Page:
There aren’t a lot of trainers in my part of the country who work exclusively with gaited horses. Luckily, I found an experienced trainer who let me know that she’d be assessing my horse and doing what was best for Trudy above all else and then she’d decide about a training approach. That sounded perfect.
She worked with Trudy for weeks, spending hours a day evaluating her. I watched as she drove and pushed Trudy to see how she moved most comfortably and what she liked to do. And newsflash, Wikipedia, it wasn’t gaiting.
Trudy can gait, but when given a choice, she trots. And not only does she trot and canter she does both beautifully. There was no injury or lameness at all. The confusion in her stride was trying to gait when she knew all the time she wanted to trot.
And with that discovery, I understood Trudy perfectly. How often have I ignored my own instincts while trying to please others even when I knew it wasn’t right for me? I am sure I seemed broken too.
From the time we are born we are bombarded by messages about who we should be, where we should live, how much money we should make, what we should wear, what size we should be, how much we should weigh, how we should look. And on the flipside, we’re also told what we can’t do, how we’re not good enough, and how we are destined to fail.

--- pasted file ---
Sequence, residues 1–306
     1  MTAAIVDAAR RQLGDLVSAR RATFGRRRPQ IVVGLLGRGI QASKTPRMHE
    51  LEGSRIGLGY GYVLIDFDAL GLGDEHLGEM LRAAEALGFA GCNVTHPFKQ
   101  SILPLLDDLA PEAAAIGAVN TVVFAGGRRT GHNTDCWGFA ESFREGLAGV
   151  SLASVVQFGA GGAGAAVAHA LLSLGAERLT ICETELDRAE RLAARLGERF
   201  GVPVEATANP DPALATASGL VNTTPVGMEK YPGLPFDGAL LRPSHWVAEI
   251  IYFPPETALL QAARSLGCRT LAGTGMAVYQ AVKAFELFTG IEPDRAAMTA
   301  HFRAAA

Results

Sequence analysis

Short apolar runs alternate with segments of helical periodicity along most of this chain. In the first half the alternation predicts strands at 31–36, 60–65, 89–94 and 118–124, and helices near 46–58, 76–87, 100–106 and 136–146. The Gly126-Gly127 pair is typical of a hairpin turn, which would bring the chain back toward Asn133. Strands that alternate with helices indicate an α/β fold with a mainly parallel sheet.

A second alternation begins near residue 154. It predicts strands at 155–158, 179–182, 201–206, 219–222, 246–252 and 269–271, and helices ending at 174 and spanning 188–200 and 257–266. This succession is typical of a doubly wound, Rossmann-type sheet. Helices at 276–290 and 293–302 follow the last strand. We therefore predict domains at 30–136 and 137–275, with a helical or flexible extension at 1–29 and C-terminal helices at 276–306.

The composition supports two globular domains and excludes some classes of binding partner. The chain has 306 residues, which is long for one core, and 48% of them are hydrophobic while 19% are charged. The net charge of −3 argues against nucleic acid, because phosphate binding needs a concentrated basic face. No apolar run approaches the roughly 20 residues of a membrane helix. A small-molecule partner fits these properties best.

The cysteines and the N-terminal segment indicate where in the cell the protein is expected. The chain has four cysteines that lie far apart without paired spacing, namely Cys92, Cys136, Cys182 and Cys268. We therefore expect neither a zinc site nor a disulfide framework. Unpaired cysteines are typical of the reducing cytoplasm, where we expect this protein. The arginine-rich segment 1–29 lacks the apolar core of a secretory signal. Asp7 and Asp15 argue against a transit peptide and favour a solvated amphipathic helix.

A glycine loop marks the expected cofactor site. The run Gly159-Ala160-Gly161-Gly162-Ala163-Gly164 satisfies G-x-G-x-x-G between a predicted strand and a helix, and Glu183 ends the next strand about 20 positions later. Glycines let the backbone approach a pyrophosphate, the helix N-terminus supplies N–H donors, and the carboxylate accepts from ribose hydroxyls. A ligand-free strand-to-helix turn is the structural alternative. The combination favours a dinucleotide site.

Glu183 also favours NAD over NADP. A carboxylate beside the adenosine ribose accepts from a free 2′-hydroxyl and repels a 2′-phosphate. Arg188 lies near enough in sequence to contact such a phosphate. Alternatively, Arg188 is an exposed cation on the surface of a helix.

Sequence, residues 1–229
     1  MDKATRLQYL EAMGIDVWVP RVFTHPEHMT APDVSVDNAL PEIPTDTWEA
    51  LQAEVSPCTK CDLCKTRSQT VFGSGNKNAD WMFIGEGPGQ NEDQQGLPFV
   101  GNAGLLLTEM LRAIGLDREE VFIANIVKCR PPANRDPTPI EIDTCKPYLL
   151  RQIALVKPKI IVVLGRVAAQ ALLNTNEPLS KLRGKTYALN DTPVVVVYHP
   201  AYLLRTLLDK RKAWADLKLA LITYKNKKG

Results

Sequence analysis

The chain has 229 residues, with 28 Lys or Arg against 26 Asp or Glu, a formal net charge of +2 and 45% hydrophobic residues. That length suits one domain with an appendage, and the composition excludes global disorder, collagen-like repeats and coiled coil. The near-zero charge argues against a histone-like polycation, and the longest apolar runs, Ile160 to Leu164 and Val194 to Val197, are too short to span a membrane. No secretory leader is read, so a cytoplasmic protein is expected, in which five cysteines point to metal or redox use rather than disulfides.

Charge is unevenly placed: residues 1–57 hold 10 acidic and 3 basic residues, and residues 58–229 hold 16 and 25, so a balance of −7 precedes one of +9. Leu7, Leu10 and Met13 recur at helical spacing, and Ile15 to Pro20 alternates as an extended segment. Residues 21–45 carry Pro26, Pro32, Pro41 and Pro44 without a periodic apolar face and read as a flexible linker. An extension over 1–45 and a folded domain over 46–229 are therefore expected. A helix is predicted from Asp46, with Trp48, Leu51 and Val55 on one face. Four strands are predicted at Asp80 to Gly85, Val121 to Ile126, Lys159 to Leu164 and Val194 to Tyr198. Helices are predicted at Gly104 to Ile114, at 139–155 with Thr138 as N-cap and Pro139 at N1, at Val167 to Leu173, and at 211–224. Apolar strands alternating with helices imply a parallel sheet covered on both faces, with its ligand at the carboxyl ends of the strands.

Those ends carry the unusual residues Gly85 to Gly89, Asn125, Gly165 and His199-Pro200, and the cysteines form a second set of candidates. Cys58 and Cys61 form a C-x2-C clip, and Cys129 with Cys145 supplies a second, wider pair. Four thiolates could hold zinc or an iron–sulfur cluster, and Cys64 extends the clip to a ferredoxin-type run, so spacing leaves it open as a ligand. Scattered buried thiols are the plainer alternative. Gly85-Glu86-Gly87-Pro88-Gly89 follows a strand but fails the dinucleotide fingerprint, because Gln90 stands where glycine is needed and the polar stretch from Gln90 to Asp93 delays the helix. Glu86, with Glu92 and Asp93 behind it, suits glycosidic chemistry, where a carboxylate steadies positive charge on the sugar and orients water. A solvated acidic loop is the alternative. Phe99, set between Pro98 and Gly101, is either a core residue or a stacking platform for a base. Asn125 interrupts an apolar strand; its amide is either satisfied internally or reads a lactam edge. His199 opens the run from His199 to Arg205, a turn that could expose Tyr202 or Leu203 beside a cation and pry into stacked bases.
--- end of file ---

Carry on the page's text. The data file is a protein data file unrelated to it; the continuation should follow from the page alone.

The last couple of years has found most of us stumbling. The pandemic has been difficult and tragic. Our global confinement has been challenging. But it’s been heartening to see so many people taking the opportunity to really consider their priorities and make changes in their lives. I have more than one friend who has changed jobs or quit working altogether in order to be more present for their families or to follow a dream they’d previously set aside. And so many of us have taken the time to examine deep wounds that have held us back and focus on healing those wounds.
And me, I’ve finally listened to my dearest friend’s urgings and taken up the pen, so to speak, to write.
As the new year approaches, we are supposed to make a list of resolutions. We must do better, be better, accomplish something, satisfy some expectation. But what if we could let that go? What if we could realize that we are enough as we are?
What if we decided to trot?
Dear Wikipedia, Trudy is a Tennessee Walking Horse who was expected to and knows how to gait, but she prefers not to. Once we accepted that, she began to thrive.
The day after Christmas, I took Trudy out for a walk and told her how proud I am of her and how sorry I am that it took me so long to figure out what she needed. Searching her eyes for a response, I get nothing. I pull a carrot out of my pocket and with that, all is right in her world.
I know Trudy loves carrots. She also loves cookies, finding fresh green grass to munch, rolling in the dirt, trotting over gaiting, having her butt scratched, and maybe somewhere lower on the list, me.
As we enter this new year, I wish you to know that you are enough, even when you’re stumbling.
May life bring you carrots.
And maybe a nice butt scratch. Just sayin’.